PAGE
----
Youth hunters may apply for a reservation to hunt one of 21 Indiana Department of Natural Resources (DNR) properties during the special youth wild turkey hunting season scheduled for April 20-21. To qualify, the youth hunters must be younger than 18 on the day of the hunt.
The reserved hunts are being conducted at the following Fish & Wildlife Areas (FWA): Atterbury, Crosley, Deer Creek, Glendale, Hovey Lake, Jasper-Pulaski, Sugar Ridge, Kankakee, Kingsbury, LaSalle, Pigeon River, J.E. Roush, Tri-County, Minnehaha, Fairbanks Landing, Hillenbrand, Chinook, Winamac and Willow Slough. Hunts will also take place at Salamonie and Mississinewa lakes.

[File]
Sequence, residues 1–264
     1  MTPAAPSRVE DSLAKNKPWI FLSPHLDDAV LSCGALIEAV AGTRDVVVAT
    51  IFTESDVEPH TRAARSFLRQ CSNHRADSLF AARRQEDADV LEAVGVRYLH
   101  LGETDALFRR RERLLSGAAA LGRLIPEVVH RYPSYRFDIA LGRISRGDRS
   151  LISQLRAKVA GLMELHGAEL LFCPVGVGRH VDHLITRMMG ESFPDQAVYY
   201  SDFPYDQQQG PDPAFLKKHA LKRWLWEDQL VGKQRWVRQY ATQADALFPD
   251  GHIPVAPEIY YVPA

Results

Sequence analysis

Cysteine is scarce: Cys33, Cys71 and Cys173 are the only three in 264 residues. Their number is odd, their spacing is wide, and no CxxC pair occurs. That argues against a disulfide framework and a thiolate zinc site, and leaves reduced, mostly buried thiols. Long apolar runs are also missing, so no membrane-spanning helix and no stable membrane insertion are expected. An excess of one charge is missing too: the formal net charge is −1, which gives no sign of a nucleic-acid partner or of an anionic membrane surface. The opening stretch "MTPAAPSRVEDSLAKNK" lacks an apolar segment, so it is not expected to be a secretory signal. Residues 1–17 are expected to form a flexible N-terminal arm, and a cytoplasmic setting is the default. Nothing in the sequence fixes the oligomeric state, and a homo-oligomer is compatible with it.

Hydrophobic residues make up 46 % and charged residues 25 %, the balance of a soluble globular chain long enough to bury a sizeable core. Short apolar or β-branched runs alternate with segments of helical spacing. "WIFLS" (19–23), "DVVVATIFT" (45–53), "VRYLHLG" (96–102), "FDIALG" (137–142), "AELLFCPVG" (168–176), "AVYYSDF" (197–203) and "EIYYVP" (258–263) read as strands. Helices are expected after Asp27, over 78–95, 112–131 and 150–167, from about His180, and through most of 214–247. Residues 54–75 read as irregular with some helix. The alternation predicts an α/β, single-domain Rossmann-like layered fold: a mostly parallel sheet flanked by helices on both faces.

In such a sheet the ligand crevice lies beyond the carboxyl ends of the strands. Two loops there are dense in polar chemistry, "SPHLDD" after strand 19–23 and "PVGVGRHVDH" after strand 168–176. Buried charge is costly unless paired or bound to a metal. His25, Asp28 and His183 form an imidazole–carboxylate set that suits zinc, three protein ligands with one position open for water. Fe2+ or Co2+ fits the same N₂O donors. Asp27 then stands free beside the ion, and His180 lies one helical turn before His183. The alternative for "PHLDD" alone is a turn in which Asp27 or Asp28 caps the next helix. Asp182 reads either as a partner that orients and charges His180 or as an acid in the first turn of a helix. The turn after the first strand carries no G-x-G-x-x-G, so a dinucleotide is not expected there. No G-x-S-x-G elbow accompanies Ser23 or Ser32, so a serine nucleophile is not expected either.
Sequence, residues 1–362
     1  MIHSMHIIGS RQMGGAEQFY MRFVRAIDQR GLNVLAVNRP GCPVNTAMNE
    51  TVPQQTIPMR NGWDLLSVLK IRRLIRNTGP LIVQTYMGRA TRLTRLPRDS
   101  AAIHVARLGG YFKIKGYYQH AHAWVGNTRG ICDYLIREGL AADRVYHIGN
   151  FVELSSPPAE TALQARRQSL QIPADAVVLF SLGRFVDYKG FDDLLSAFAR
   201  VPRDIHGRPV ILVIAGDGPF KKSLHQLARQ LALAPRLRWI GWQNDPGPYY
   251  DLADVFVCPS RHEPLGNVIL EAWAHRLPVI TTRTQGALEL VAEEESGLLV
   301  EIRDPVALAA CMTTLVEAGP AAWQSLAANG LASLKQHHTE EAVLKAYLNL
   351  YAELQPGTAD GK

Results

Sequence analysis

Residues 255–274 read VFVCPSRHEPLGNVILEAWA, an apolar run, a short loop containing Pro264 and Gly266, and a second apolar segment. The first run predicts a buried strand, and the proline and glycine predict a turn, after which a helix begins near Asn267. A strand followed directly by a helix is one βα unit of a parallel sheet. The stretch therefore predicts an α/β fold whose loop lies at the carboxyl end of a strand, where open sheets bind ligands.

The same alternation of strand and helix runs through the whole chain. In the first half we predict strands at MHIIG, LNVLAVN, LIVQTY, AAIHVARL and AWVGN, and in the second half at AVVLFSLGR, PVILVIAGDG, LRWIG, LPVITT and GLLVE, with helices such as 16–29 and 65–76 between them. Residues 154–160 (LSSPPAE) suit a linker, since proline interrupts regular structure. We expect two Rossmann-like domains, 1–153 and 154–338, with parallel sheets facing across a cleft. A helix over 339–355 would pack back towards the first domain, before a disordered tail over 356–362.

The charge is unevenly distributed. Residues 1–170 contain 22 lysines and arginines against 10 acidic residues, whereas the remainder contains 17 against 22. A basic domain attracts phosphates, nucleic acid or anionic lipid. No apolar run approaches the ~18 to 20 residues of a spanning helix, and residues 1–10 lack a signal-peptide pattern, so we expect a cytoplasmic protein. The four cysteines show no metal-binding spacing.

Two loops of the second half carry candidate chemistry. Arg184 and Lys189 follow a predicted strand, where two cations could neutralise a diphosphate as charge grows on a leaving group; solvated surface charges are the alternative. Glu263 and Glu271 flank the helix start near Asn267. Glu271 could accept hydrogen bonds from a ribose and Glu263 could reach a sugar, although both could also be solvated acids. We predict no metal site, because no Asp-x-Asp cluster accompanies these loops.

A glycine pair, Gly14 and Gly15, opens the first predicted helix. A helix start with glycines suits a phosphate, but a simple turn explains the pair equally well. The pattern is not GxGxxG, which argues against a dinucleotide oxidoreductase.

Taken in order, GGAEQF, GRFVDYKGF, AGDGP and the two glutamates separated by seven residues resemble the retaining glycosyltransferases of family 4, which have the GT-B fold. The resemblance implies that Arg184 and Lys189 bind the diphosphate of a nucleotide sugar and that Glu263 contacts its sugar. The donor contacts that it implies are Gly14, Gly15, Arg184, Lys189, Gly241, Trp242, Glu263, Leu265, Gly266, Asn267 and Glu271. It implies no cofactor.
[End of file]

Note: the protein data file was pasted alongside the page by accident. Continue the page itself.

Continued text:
The number of hunters allowed on each property will be limited, and hunters must register in person or by phone with the property where they wish to hunt. Hunters should register between 9 a.m.-3 p.m. local time between March 18-22 or March 25-28. Hunters may register for only one property.
Individuals wanting to sign up for Deer Creek, Fairbanks Landing, Chinook, Hillenbrand or Minnehaha hunts may do so at Goose Pond FWA. Youth hunters wanting to sign up for LaSalle FWA may do so at Willow Slough FWA.
At properties where the number of registered hunters exceeds the spots available, a drawing will be held April 1. A youth hunter may be drawn for either one or both hunt days, depending on the number of applicants. All applicants will be notified of drawing results by mail.